In light of that apology, there was also hope that we would not stop there, that we would continue in the spirit of that apology and move forward with tangible pieces that would contribute to the well-being of survivors and their communities. I believe that a critical consideration for us as members of Parliament and representatives of the Canadian people is to hear those voices.

In the context of our debate here today, we in the NDP hope that the wishes of the people of the Gaspé region, with which many of us across Canada re familiar , will be heard, and not just today in this House but that moving forward, they, their families and the people who will come later will know that we care and that we are sorry for what was done to them.

Opposition Motion—Forillon Park
Business of Supply
Government Orders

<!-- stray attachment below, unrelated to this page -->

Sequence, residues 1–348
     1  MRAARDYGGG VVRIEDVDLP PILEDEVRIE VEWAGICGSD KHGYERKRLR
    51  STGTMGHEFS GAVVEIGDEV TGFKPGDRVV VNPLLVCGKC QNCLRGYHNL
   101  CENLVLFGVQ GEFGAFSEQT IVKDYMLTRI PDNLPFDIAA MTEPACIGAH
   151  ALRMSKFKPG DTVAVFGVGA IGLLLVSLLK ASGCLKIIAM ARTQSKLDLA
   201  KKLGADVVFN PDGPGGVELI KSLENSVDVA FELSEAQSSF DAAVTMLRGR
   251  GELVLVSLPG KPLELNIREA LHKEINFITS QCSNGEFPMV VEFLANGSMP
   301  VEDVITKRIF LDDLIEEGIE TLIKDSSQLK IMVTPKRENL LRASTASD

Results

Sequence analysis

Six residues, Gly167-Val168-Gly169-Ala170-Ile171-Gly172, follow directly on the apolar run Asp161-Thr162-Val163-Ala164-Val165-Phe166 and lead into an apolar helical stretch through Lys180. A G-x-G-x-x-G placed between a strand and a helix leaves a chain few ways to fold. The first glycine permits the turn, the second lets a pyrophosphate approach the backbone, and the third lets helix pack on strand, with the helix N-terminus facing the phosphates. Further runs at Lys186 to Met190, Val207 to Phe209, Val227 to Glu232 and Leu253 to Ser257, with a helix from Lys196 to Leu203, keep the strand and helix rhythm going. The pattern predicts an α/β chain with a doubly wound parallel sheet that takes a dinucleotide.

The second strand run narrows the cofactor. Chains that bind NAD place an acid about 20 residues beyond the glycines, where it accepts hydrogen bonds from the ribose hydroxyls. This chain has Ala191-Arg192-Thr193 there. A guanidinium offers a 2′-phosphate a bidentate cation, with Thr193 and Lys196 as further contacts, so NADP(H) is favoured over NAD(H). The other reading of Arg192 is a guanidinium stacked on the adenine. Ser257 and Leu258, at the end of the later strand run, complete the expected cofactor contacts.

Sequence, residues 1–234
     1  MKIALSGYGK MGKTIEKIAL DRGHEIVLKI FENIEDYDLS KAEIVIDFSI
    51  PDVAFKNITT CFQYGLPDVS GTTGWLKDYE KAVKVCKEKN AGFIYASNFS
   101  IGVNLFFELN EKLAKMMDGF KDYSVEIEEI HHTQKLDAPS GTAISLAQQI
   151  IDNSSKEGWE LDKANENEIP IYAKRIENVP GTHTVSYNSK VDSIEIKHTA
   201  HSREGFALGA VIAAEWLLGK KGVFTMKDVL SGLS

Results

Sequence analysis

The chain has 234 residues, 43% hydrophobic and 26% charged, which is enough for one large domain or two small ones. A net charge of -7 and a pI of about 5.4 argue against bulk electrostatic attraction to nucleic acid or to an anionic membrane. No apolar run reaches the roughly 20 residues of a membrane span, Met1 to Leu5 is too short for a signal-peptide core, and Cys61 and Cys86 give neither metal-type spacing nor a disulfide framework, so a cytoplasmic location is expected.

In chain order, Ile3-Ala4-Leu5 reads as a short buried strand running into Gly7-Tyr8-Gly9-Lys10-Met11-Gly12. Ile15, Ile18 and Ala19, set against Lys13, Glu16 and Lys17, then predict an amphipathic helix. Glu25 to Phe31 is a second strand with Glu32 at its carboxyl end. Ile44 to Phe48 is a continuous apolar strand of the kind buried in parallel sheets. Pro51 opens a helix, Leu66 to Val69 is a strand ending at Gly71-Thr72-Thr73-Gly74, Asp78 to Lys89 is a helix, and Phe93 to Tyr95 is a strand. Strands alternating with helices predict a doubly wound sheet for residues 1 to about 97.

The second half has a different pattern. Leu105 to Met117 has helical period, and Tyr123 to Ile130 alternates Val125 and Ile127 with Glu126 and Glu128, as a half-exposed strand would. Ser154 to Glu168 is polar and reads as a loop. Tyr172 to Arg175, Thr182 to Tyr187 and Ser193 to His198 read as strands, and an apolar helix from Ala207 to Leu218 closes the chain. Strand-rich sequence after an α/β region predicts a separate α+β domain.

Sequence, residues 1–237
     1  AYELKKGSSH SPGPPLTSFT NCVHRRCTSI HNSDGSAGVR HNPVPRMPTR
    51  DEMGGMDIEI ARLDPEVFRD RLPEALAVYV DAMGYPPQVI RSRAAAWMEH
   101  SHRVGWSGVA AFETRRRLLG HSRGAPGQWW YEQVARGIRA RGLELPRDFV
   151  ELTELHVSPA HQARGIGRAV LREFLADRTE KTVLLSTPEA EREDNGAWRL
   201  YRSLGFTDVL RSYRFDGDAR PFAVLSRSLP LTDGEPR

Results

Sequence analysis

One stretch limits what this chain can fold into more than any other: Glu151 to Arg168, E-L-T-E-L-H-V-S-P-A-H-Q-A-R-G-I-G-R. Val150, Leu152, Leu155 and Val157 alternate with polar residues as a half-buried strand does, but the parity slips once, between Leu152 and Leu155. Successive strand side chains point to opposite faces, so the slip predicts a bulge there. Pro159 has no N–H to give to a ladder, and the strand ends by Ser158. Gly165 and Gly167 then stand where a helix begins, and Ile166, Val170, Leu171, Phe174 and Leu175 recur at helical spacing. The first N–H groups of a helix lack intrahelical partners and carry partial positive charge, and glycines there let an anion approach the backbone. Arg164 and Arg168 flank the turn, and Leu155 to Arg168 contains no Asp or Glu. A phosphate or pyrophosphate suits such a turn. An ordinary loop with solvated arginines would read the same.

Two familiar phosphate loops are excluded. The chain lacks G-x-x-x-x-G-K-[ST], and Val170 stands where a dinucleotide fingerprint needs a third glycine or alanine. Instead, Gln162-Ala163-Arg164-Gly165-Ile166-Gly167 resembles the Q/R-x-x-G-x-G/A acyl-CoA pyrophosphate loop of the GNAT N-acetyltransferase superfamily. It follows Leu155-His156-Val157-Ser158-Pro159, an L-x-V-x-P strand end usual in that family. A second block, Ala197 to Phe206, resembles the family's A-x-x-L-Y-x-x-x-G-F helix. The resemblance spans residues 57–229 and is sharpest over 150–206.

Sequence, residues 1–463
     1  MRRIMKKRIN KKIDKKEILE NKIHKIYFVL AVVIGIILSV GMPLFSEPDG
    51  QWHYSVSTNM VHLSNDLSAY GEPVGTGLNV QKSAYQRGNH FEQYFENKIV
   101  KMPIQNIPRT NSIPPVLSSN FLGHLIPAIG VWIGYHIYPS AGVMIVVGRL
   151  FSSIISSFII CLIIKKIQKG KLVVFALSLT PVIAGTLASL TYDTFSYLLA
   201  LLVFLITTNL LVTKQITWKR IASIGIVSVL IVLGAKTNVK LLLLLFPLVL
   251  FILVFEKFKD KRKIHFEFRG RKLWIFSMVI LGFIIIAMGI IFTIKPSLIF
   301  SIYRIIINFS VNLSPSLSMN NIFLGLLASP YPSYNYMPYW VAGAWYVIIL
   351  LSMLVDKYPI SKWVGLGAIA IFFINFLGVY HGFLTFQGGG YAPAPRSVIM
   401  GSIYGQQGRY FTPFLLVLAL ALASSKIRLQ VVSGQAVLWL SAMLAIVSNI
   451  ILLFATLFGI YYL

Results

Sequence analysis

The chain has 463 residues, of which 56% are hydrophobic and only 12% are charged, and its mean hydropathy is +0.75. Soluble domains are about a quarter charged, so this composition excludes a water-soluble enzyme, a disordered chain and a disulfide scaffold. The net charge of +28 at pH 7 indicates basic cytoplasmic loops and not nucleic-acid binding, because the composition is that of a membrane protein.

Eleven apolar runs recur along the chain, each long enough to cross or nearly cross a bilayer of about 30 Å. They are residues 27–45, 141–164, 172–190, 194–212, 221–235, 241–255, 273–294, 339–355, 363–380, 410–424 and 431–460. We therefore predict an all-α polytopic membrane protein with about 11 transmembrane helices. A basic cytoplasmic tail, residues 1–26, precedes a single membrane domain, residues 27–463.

11:40 a.m.

Liberal

Paul Szabo Mississauga South, ON

Mr. Speaker, the comments of the member were thoughtful. It is a change for the House to have such a civil dialogue in a very sincere and open way, acceptance of responsibility and clear support.

What seems to concern a number of members is we still have not heard from the government. The member talked about the aspect of hope and promise for the future. My concern is the government does not have a position that it is prepared to share with the House, to lead off its debate with a clear statement of intent with regard to the motion, and I believe that is telling. Does the member share that view?